“My bad,” I mumble, covering my mouth with the back of my hand. Taking Lilium from him, I place my hand under her neck—hot and bright red—rest her head to my chest, then wrap one arm around her waist and the other below her knees. “Here we go,” I whisper as I lift her up. Last time she was in my arms, I was thinking that I don’t wanna be anywhere near her, but now everything is different. My heart is so full of her that I don’t think it’s mine anymore. I can’t take my eyes away from her. Lilium shifts in my arms, and tugs on my shirt. She looks so much in pain that I don’t think I’ll ever stop thinking about it.
“You think she’s gonna be fine?” I ask Ian when everyone else lets us through.
Ian reaches out and brushes hair locks out of Mika’s face. “She’s Mika, she’s going to be fine. She’ll always be okay. She has to be. For herself. She falls and breaks, of course she does. But she will always pick herself back up and put herself back together. It’s what she does.”
Yes. He’s right. She thinks it’s her duty to take care of everyone. Crazy redhead.
“What do you think happened? How did she end up in the storage room? Her face was so pale as if she saw a ghost.”
Ian gives me a thoughtful look. “All I could tell you is that she’s not good with closed spaces.”
“I know.” I’ve been there. In the same closet with her. Don’t say it. Don’t say it or he’ll bury you alive!
“I’m sure Mika will tell you the rest eventually.”
I wanna ask him what she will tell me about, but Lilium shifts again, her head resting in the crook of my neck. Her breath lands warm on my skin and when her lips touch the scar on my neck, I flinch and halt.
“Apple scent . . .” She curls her fist tighter around my heart. “Zel . . .” Her voice cracks, and my heart skips a beat.
“Hey, why did you stop?” Ian, who seemingly noticed my absence a bit too late, glances back at us. When I don’t reply he adds, “Zel, you’re blushing.” A lopsided grin breaks across his face.
Heat creeps up my neck, and I’m sure my ears are redder than Lilium’s hair. “Your sister,” I mutter, “is a badass!”
Ian bursts out laughing. “Listen, take her to the infirmary and don’t leave her side.”
“She’s not fine alone.”
“What about you?” I ask.
Ian stares at the red ribbon tied around his wrist. “I have to find Kiki.” Then he jogs out of the house.
“Is she okay?” Roy comes down from the second floor. “Everyone is panicking up there,” he says.
“Yeah, I think she’s okay.” I look back at her. “Mika, you’re okay. You’re gonna be fine,” I whisper her name as I thud upstairs where everyone is standing in the corridor outside the rooms, and it takes me a good while to shoo them away and reach the last door in the floor. Lilium tugs harder on my jersey and slightly opens her eyes. “She’s coming back to her senses!”
“Really?” Roy says from behind.
“Yeah, she just . . . tugged at my jersey.” My voice drops to a whisper and my face blushes. I can’t be this happy just because she did that.
“No, no, don’t sleep now! Talk to me, Mika. Here, open your eyes. Look at me!” Dammit! She’s heating up. I tuck her into one of the beds, and apply a cold compress to her forehead; the poor girl is running a fever. I’m scared; I’ve never seen her this sick, but—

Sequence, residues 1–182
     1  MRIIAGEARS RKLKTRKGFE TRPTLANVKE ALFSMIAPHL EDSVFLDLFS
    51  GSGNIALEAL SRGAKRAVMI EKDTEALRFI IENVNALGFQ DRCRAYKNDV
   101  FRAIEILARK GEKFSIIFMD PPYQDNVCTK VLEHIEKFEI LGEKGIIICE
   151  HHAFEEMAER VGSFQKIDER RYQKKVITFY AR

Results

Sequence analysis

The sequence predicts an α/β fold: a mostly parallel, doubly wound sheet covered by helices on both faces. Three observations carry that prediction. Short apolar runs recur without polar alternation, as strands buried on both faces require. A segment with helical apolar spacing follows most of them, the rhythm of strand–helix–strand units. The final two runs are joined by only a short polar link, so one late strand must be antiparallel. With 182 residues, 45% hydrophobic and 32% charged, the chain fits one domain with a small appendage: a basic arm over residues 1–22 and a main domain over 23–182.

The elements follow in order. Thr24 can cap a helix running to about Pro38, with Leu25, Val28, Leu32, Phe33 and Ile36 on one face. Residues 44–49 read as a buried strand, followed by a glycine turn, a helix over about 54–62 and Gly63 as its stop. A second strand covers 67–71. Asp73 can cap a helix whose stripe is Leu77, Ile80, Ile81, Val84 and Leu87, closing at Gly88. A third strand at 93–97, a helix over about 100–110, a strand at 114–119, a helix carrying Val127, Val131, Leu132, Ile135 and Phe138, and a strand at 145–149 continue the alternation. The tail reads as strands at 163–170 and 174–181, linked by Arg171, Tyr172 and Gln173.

“You must’ve been so scared inside that room alone,” I murmur as I take off her shoes, “you scared the hell outta me, how did you end up there?”
I slide a chair to the bedside and sit by her side, brushing tendrils out of her face. Lilium is bright red, and her lips are shivering as if she’s muttering something. It’s like she’s having a bad dream. I lean closer to listen.
“I have to get him . . . out of there . . .” she whispers, “If I don’t . . . she’ll . . . kill him . . .”
The words ripple through my body like shock waves, and my chest tightens. Lilium is definitely having a dream, and I have a strong feeling that I know what she’s talking about. Suddenly, I can’t hear anything but the loud thumping of my heart, and my head crowds with all those thoughts and images, as if a portal from the past had split open in my brain. Willing myself to regain focus, I push them away, and lean closer to her. I have to confirm this feeling.
“Zel . . .” Every letter of my name is full of her broken voice that my chest aches. “I have to save him . . . she’s going to . . . his eyes . . .”
“What the—?” A ragged breath rattles my insides, and I sink heavily to the floor, my face hidden in my hands, the scar across my eye hurting like a scorching and bristling heat. The images and voices in my head replay over and over again, but I fight the memories back, because I can’t give in to this after I came this far, especially now that I know it.
The girl knew more than she had too. The girl was there when the biggest nightmare of my life happened. This girl; Lilium; she saved me again. Not only did she show me the world and taught me everything I know, but she was the reason I had left that house. She was the reason the world noticed me and helped me, and she’d been struggling with the memory for a long time. I wasn’t the only one struggling.
Now that I know how tremendous this is, I realize I can’t keep running away forever. Even if my heart is still overshadowed with fear, there will come a day when I need to confront my weaknesses.
I can’t believe I’m thinking this, but the mess inside my head is overflowing. I gotta open that lid, and spill it all out.
For her. For me. For us both.